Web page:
Richard Bell's Wild West Yorkshire Nature Diary, Monday, 26th July 2010, page 2 of 2
BARBARA'S MUM is doing well in hospital. Visiting her this week has brought back memories of my two week spell in Pinderfields, aged 13 or 14, after I broke my leg coming home in the snow from a party at a neighbour's house on Boxing Day.
Coming around from the anaesthetic, I felt as if the world had turned around. I couldn't work out which side of Ward G I now found myself on. To add to the feeling of surrealist disorientation, a magician was performing at the opposite end of the ward.
As I struggled to engage with reality again, Santa Claus appeared at my bedside and presented me with a copy of Biggles and the Black Mask by Captain W E Johns.
'Do you read Biggles?' he asked jovially.
'Ugh, no.', I answered ungratefully.
It's a shame it wasn't a copy of The Camels are Coming, the rarest and most valuable of the Biggles novels! Biggles, as you may know, was a fictional air ace.
I read the novel but I enjoyed other books I read during my time out on Ward G more. At home I never settled down to reading for pleasure partly because of the constant conveyor belt of homework, depositing dribs and drabs of unconnected reading in front of me. We were still in the Christmas holidays, so there was a break in the supply of homework, and, there in the ward, I was also removed from the continual boyish creativity that filled my spare time; printing little magazines, writing comic strip versions of films I'd seen, building models and scripting movies (which had to fit into a 5 minute standard 8 cine format, although we usually fitted two stories on a reel).
Being at school meant being part of a group who had me pigeon-holed as a character already, so life with the lads in Ward G gave me a chance – my only chance until I spent a week as a volunteer warden at the Osprey Camp five years later – to make fresh relationships with a different group of contemporaries. Wonder how the lad with one leg got on? I think his name was Steve.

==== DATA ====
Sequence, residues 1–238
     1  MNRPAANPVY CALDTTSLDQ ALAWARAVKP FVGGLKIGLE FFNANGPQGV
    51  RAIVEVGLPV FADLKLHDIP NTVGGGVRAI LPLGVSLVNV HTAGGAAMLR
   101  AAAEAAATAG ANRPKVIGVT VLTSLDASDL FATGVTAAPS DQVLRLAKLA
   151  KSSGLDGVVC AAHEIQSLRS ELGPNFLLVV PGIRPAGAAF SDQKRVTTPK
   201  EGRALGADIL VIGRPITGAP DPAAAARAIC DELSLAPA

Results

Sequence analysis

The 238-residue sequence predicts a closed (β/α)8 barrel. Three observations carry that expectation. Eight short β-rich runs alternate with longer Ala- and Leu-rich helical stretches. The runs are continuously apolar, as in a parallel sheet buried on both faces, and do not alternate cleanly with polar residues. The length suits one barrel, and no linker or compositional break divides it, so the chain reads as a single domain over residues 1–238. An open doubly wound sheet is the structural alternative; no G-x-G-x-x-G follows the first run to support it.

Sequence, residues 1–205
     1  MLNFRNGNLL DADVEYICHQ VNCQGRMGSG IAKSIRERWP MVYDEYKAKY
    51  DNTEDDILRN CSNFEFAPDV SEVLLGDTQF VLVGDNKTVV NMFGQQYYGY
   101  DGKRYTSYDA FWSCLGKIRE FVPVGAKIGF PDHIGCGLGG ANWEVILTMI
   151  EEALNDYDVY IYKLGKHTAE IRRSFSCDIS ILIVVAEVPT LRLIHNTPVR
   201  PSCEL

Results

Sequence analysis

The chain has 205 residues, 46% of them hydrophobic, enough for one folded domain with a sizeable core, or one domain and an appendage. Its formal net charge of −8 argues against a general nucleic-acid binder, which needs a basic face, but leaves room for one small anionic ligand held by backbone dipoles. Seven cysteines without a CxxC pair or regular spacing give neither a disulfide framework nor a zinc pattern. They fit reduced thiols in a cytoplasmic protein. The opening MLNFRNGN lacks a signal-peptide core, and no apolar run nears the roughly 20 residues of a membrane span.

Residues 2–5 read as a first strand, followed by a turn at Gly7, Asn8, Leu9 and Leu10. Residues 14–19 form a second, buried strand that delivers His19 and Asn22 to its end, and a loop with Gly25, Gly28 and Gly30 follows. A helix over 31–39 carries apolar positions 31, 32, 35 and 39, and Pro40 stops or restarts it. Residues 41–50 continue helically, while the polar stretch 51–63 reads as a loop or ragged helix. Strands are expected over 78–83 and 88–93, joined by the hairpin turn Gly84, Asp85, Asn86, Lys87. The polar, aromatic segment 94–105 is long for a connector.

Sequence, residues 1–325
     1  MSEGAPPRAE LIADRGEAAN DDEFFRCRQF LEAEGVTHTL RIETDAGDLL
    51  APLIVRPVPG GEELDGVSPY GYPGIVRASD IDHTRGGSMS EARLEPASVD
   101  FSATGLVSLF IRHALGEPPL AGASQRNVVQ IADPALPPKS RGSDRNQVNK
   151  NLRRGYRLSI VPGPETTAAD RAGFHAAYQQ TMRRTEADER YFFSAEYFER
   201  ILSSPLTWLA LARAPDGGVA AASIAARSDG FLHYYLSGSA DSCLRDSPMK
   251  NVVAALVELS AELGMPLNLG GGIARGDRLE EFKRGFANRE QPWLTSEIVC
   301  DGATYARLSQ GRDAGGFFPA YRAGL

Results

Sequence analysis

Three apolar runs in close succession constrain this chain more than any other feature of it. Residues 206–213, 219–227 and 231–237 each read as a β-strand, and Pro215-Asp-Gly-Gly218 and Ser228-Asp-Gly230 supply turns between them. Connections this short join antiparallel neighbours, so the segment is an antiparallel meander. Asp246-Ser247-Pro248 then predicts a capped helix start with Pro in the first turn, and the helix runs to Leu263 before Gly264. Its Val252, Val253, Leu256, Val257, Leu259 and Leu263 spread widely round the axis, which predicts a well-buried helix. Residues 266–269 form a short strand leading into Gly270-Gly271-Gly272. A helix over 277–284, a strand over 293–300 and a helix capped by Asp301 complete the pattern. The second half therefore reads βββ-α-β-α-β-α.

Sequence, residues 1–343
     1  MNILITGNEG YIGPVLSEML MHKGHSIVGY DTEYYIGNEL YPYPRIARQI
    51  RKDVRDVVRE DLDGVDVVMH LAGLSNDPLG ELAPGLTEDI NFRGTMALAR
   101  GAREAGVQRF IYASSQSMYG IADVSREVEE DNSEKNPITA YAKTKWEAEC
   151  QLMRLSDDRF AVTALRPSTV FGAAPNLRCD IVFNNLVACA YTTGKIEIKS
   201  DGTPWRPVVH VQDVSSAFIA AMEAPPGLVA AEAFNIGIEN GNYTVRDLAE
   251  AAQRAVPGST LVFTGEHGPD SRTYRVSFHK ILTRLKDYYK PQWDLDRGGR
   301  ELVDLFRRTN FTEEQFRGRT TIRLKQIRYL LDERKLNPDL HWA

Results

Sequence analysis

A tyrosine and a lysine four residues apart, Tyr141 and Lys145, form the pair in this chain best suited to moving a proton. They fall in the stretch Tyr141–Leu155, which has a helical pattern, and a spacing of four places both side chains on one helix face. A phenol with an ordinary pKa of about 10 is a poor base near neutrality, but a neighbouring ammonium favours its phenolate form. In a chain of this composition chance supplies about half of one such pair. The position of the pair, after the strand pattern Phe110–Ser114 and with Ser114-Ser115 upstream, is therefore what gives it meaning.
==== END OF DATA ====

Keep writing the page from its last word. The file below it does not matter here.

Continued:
But, coming back to reading, there was a trolley that came around the wards every day and I was able to use my pocket money to buy the science fiction comics that were popular at that time. I never cared for superheroes; I enjoyed the variety of stories in American comics such as Weird Tales, which included stories with a Gothic atmosphere – I think there was one about a phantom hound – of space and strange events in everyday life. They reflected the popularity of television series such as The Twilight Zone and The Outer Limits. One comic, a slimmer, larger format publication on matt paper in the flat colours that comics were printed in at the time, was based on Boris Karloff's Thriller television series. But I remember I preferred the black and white Weird Tales and another similar publication, whose name I forget.
The one story I remember from the Thriller comic was a morality tale of a gifted mimic and confidence trickster, who came into town and started cashing in on the reputation of various celebrities – a racing driver or a boxer for example – but who was then cursed to relive the worst moment of three of the characters he'd impersonated.
After experiencing a near fatal crash and brutal knockout (or something of the sort) as bad luck would have it, he heard that the bullfighter he'd impersonated had been killed in the arena that day, with fatal consequences for him, when he relived the event.
Jonathan Miller once said that he disliked science fiction because its main message always seemed to be 'Wouldn't it be funny if . . .'.
That of course was its great appeal to me while stuck in hospital enjoying a break from the relentless round of school work. Every story you started presented a fresh environment, some new philosophical challenge to your thinking but put across in a reader-friendly way. A library trolley still plies the wards and during my stay there I read a collection of American science fiction and the images in those short stories have stuck in my mind more than the Weird Tales.
There was a pebble that was so smooth it could hypnotise you when you started stroking it, an ant – indeed a whole colony – that could perform tricks, such as doing a handstand, a scheme to produce a flurry of snow in summer in the middle of the Nevada desert for a retired metrologist, a house that, because of a design fault by an ambitious architect, was so dimensionally unstable that you could wake in the morning and discover the house had moved to another location quarter of a mile away and a cautionary tale about the effects of manning a hide in the top of a fir tree and taking on the task of counting migrating geese by recording the numbers that pass in front of the moon as you observe it with a powerful telescope.
'Funny', as Miller says, but they put lingering magical icons and fresh ways of thinking into your head.
Oh, and finally, the film shows that were a feature of evenings on the ward included a black and white print of John Wayne's The Searchers and my first introduction to Woody Woodpecker. Yes, I know he looks more like Foghorn Leghorn in my picture, but I'm drawing from memory.